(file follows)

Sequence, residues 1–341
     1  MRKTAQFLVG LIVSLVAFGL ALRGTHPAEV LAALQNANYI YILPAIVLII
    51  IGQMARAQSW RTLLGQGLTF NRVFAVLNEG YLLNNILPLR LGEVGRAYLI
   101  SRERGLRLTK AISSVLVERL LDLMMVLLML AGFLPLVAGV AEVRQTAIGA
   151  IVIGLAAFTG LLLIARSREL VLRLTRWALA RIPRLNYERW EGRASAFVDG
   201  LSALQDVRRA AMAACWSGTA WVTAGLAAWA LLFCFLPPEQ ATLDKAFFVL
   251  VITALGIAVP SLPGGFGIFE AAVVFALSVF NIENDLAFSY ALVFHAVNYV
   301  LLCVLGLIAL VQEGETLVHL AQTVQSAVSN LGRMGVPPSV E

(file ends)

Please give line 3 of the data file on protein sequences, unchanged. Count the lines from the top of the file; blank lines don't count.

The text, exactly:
    51  IGQMARAQSW RTLLGQGLTF NRVFAVLNEG YLLNNILPLR LGEVGRAYLI